Victorian detailed bathroom concrete countertop. This floral edge is easy (and profitable) to do with concrete, but nearly impossible to get with granite.
This floral edge is easy (and profitable) to do with concrete, but nearly impossible to get with granite.

Misconception No. 2: All concrete countertops are the same
Despite the fact that concrete countertops are high-end and should be priced accordingly, you may have a contractor in your area selling elevated sidewalks at low prices. Your prospects may be tempted by these low prices, figuring, “Concrete is concrete.”

If a prospect is concerned only with price, tell them concrete is not right for them and move on. If the prospect is genuinely interested in having a unique, custom surface, they will be willing to learn more and appreciate the education you provide them. They will build trust in you and prefer to do business with you rather than go with the cheapest price.

You can discuss with these prospects that not all concrete is created equal. Explain to them that concrete countertops use highly specialized mix designs (especially GFRC), and are not the same as a sidewalk mix out of a truck. Explain to them that the finishing techniques with coloring, diamond polishing and highly specialized sealers are completely foreign to a sidewalk contractor. Show them photos, such as those from The Concrete Countertop Institute website’s “Hall of Shame,” of what happens when an inexperienced contractor tries to make a concrete countertop. Show them samples and photos of your work so that they can see the level of craftsmanship.

This doesn’t have to sound like a desperate sales pitch or bashing anyone else. Present it as: “This is one of the most common misconceptions in the industry, and it’s unfortunate because it results in bad examples out there that give concrete a bad name. I’m very passionate about my craft, so I’m glad to have this opportunity to explain to you how high-quality concrete countertops are different.”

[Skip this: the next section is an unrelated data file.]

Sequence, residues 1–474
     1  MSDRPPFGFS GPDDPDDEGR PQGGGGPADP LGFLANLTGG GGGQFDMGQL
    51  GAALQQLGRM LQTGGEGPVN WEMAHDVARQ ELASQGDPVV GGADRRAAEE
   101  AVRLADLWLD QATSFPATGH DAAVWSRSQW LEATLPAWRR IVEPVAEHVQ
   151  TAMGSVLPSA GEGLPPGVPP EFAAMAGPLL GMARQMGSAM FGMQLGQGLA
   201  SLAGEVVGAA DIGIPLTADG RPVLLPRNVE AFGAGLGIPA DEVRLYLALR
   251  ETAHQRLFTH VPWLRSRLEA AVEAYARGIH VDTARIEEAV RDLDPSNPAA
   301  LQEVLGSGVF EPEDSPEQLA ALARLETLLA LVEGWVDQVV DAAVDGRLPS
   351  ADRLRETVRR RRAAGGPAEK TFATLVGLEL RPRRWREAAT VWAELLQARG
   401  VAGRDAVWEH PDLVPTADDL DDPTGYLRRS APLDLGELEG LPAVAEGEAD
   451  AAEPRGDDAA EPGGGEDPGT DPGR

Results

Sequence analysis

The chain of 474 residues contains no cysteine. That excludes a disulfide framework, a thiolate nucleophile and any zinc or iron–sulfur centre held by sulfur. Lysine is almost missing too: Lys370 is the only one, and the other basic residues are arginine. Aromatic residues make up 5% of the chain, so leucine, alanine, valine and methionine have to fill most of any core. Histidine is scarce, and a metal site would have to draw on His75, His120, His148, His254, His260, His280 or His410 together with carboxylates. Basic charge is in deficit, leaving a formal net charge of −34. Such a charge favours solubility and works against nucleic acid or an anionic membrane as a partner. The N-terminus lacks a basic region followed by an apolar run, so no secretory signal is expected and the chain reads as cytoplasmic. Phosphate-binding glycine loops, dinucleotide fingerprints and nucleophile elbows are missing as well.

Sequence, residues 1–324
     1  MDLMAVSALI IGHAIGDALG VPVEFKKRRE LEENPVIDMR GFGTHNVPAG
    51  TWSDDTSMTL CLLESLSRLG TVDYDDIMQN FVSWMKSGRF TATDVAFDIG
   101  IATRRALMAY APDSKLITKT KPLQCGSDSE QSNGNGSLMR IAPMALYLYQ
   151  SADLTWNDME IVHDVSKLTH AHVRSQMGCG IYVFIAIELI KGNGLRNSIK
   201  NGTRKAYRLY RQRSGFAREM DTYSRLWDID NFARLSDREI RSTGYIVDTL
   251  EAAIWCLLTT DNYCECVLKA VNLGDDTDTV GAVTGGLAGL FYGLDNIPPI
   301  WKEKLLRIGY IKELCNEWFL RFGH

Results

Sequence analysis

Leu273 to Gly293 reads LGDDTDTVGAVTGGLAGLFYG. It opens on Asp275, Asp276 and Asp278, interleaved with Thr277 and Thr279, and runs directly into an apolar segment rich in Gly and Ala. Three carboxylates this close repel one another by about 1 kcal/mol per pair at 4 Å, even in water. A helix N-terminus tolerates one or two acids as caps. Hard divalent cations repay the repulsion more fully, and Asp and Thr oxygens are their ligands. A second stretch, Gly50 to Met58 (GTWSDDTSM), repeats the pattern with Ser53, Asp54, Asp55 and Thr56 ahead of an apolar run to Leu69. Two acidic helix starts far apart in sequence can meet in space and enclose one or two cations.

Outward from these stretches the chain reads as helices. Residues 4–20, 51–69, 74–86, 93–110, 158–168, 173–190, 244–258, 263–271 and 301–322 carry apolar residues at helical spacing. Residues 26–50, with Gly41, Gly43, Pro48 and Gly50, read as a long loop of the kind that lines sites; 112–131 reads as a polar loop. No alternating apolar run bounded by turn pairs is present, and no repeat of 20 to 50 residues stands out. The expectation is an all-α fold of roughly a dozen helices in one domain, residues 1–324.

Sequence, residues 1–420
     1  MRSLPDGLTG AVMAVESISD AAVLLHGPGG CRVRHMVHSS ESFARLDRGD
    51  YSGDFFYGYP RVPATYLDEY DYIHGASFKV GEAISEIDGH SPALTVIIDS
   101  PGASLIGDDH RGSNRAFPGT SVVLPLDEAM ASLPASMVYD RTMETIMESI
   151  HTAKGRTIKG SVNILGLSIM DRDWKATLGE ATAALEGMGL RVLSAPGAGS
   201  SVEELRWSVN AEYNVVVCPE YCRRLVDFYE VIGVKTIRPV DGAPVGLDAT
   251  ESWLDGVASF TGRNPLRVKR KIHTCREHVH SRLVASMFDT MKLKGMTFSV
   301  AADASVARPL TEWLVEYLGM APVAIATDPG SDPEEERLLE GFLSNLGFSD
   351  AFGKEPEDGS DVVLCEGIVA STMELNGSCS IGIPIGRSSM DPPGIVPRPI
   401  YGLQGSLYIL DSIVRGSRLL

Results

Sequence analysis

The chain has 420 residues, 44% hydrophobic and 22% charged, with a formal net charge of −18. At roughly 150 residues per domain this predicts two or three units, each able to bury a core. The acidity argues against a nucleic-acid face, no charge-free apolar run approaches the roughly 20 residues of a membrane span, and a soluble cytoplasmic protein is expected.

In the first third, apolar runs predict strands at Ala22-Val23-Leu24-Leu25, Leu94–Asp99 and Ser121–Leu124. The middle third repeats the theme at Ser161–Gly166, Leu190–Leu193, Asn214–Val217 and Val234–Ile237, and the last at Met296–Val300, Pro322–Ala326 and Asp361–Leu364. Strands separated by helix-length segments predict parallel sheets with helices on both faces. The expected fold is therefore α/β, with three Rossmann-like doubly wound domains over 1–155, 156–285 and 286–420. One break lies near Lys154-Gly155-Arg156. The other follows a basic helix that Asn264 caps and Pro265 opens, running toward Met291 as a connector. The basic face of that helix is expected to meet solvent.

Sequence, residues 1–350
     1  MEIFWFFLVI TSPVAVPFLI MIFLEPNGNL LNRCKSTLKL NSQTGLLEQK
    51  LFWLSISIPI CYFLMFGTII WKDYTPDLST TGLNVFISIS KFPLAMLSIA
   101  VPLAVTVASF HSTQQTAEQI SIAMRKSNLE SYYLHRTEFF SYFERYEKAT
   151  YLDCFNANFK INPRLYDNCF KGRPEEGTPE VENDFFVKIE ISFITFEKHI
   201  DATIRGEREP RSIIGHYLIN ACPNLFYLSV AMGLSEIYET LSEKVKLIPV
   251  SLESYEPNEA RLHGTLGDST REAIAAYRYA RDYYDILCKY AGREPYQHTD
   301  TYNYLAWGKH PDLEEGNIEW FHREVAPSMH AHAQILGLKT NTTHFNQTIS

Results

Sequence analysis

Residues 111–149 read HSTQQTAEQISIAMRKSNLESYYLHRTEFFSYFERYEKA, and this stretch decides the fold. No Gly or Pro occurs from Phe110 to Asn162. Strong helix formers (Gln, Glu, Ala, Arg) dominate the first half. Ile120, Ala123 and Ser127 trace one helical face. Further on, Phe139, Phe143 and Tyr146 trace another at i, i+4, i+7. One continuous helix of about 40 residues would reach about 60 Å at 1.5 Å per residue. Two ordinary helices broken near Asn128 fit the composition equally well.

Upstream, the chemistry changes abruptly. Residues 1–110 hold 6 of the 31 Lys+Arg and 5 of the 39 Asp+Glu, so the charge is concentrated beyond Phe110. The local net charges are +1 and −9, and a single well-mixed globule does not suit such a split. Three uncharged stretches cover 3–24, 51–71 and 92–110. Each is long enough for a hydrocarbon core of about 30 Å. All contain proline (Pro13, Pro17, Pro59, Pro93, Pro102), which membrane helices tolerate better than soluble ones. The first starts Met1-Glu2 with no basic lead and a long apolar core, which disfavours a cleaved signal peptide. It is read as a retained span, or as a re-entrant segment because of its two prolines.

Misconception No. 3: Concrete countertops are just like granite or solid-surface
Your prospects may have seen concrete mentioned as an alternative to other countertop surfaces, for example in Consumer Reports magazine. However, they may have no idea of how much you can do with concrete that is very difficult or impossible with other surfaces. If they are thinking of concrete merely as an alternative to granite, you will be stuck competing with the plummeting price of granite.

Concrete can be so much more than just flat countertop slabs picked from a catalog or slab yard. It can have amazing decorative edges, like a rope or floral pattern. It can be color-matched to tile or paint. It can have integral sinks. It can have features such as integrated drainboards or cutting-board inserts. And way beyond those easy ways to customize concrete, it can be three-dimensional.

The possibilities are endless. As a concrete countertop professional, you should have GFRC and mold-making in your repertoire, so that you can create those impressive 3-D pieces to illustrate these possibilities. Show your prospects those possibilities, and they will get just as excited and passionate about concrete as you are.

Misconception No. 4: Concrete countertops stain/scratch/burn